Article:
A comparison of fine root density of plants in the Coastal Plateau of the Guánica Dry Forest Reserve
Cruz Quiñones, C.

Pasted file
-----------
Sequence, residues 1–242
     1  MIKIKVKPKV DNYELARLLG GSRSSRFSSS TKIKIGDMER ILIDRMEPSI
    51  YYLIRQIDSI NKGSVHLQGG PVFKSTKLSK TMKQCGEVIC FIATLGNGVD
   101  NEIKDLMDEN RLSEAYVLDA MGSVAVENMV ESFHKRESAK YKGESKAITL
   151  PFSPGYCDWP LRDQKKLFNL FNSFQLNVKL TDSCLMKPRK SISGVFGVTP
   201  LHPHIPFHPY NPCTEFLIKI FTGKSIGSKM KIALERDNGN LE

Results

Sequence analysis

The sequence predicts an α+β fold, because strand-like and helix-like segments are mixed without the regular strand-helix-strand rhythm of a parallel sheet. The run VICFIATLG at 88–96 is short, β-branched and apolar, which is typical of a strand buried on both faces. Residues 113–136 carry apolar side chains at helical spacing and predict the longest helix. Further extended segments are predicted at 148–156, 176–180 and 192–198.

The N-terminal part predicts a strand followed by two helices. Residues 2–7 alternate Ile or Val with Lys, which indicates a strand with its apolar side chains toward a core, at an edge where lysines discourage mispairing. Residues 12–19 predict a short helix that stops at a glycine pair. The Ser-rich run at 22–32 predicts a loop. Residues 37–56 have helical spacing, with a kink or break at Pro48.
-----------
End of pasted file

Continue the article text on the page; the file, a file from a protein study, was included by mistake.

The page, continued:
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Root production is an important process in the dynamic carbon and nutrient cycle of terrestrial ecosystems. Root productivity of plant community can be affected by temperature, rainfall and availability of nutrients. In dry forests, root density within the soil system depends on seasonal resources availability, age and soil properties (Pavon and Briones, 1998). In tropical dry forests experience seasonal drought. This seasonality is more pronounced in regard to dry and wet periods than to seasonal fluctuations in temperature (Castellanos,et al.,. 1991). Due to the lack of information on how biology of these forests respond to the seasonality of rainfall (Murphy and Lugo, 1986),our study focuses on understanding of root production by plants in the Guánica Dry Forest as a function of water availability. The Guánica Dry Forest is located in south western Puerto Rico (Fig 1). The rainfall recorded here over the period of 70 years varied from 500 mm to 1500 mm. The soils of the Guánica Dry Forest normally exhibits a deficit of water, ten out of twelve months of the year and seasonal climatic conditions indicate runoff only during the months of September and October (Lugo, et.al., 1978). Considering the great variation in water availability we hypothesized that the fine root density (<2mm)of plants in the Guánica Dry Forest will reflect the seasonal patterns of rainfall, with an increase in root density during the rainy season.